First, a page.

Panetta in Singapore: Shangri-La or lost horizon?
Secretary of Defense Panetta’s speech to the International Institute for Strategic Studies’ Shangri-La Dialogue has received considerable attention in the press. I was a delegate to the dialogue and was in the hall when Panetta spoke. Having had an opportunity to discuss the speech with officials from across the globe at the conference, and also ...
Secretary of Defense Panetta's speech to the International Institute for Strategic Studies' Shangri-La Dialogue has received considerable attention in the press. I was a delegate to the dialogue and was in the hall when Panetta spoke. Having had an opportunity to discuss the speech with officials from across the globe at the conference, and also to reflect upon it during a flight home that crossed half the globe, I'd like to share some thoughts.
Secretary of Defense Panetta’s speech to the International Institute for Strategic Studies’ Shangri-La Dialogue has received considerable attention in the press. I was a delegate to the dialogue and was in the hall when Panetta spoke. Having had an opportunity to discuss the speech with officials from across the globe at the conference, and also to reflect upon it during a flight home that crossed half the globe, I’d like to share some thoughts.
Panetta gave a good speech and even better answers to questions from the audience. He provided a clear statement of the United States’ enduring role as a Pacific power. As a native of Monterey, California, he spoke evocatively of how America has influenced, and been influenced by the Pacific. He also put more meat on the bones of the Obama administration’s pivot/re-balance to Asia, noting that by 2020 the United States would deploy 60 percent of its navy in the Pacific, including six aircraft carriers and a majority of cruisers, destroyers, and submarines. He also pledged to increase the number and size of exercises it conducts with allies and friends in the region.
Panetta’s strong words were mirrored in the size of the U.S. delegation, the largest ever sent to the Shangri-La dialogue. The Chinese, by contrast, kept a much lower profile. For reasons still unclear, Panetta’s Chinese counterpart, Minister of National Defense Liang Guanglie, decided to stay away this year after having attended last year’s event.
Perhaps ironically, then, much of the discussion on the margins of the summit was about American staying power in the region. One word in particular hung over the conference like Singapore’s oppressive humidity: "sequestration." Even without sequestration, however, there are real questions as to whether the Obama administration’s defense program is sufficient to back its words with action.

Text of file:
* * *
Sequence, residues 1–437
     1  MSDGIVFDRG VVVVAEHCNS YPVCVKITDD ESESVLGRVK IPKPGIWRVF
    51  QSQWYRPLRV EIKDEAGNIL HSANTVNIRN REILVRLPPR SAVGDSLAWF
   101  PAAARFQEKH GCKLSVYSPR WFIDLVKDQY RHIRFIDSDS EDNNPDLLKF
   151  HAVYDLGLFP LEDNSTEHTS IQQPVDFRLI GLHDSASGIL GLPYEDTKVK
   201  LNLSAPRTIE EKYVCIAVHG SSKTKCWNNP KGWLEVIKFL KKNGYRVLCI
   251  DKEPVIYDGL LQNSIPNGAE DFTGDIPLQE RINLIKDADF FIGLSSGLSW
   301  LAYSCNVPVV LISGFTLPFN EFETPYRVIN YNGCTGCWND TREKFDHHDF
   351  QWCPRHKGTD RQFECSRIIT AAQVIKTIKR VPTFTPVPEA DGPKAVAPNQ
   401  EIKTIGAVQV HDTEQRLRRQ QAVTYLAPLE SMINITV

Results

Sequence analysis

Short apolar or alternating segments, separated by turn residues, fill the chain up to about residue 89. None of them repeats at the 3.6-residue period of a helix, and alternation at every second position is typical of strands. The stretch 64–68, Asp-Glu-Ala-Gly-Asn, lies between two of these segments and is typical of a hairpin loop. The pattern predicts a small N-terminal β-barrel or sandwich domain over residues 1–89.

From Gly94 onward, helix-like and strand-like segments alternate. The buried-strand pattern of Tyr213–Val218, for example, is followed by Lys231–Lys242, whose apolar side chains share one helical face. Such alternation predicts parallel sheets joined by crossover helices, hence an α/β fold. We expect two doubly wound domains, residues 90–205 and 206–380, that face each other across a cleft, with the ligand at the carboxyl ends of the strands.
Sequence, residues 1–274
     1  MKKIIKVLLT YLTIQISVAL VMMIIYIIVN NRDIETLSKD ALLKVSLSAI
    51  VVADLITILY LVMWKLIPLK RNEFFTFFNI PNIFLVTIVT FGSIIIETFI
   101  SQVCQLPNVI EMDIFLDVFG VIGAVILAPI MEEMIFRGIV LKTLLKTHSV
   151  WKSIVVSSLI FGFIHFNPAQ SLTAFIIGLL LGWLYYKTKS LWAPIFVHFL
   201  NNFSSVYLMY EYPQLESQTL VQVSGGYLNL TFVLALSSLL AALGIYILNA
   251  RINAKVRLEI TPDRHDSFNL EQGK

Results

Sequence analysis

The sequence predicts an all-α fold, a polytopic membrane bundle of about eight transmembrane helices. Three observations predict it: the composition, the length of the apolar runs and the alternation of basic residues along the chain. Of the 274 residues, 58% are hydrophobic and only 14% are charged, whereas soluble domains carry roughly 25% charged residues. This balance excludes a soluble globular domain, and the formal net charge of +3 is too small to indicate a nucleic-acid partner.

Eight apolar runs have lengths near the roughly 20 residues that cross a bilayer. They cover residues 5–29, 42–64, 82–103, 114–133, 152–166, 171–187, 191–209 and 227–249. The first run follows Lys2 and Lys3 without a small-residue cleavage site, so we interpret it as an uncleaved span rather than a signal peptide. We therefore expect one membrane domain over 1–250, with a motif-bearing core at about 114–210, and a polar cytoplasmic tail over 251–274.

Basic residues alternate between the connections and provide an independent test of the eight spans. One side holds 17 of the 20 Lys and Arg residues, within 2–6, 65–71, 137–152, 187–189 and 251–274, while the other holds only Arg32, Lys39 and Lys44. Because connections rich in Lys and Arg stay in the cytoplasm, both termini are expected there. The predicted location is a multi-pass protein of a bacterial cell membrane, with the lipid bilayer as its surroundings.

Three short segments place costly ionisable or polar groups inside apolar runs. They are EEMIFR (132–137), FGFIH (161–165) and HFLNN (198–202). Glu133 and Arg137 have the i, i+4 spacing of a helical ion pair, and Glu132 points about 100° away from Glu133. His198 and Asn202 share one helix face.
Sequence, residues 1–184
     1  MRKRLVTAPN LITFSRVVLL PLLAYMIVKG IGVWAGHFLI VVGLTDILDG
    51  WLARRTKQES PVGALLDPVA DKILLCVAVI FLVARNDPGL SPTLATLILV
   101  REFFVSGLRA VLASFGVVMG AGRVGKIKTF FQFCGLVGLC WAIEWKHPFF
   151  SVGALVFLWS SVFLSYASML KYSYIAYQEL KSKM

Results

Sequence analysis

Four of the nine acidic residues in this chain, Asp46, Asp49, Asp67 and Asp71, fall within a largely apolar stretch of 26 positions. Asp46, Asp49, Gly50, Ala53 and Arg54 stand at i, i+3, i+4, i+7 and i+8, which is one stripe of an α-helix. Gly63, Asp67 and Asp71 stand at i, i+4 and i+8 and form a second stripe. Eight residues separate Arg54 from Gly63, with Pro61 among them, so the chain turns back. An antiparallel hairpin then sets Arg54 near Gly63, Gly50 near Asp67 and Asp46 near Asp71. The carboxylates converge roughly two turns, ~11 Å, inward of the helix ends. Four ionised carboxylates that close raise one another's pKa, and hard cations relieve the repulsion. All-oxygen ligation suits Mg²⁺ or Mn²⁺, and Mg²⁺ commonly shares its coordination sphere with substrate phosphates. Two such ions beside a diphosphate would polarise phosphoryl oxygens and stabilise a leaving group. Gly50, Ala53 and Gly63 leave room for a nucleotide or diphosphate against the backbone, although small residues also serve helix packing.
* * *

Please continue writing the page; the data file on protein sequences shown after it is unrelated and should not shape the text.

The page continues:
Nowhere is this more evident than in the realm of sea power. The Pacific is a maritime theater, and warships remain a major yardstick for measuring military strength. The size and composition of the U.S. navy is key both to assuring allies and deterring adversaries in peacetime as well as to fighting and winning the nation’s wars. The Pacific is a theater where numbers matters. A ship, no matter how powerful, can only be in one place at a time.
In his speech, Panetta noted that the Obama administration has decided to retire a number of warships ahead of schedule, so that today’s navy, which is already the smallest it has been since before the United States entered World War I, will get even smaller. He argued, however, that the United States would eventually replace retired ships with more modern, and more capable, combatants. That is only partially true: The upgraded Arleigh Burke-class destroyers will have more modern radar and combat systems than the Ticonderoga-class cruisers that are set to be retired. However, the Littoral Combat Ships that make up the bulk of the surface ships that the Navy is procuring are considerably less capable than the warships that are being retired.
There is, in fact, a growing gap between our commitments in Asia and our capability to protect them. It is a gap that both friends and competitors see emerging. As several colleagues and I argue in a newly released American Enterprise Institute report, the United States will need to go beyond current defense plans if it is to continue to play its historic role in the Pacific. We cannot just devote a larger slice of a smaller pie to the region. Rather, we will need new resources to modernize and expand the navy. We also need to explore new initiatives to enhance the credibility of the U.S. commitment to the region. These include working with our allies and friends to develop a coalition intelligence, surveillance, and reconnaissance network in the Western Pacific; expanding cooperation with our allies in undersea warfare; expanding the range of bases open to the United States; and enhancing nuclear deterrence. Unless we back our words with action, the United States will have difficulty bridging the capabilities-commitment gap.
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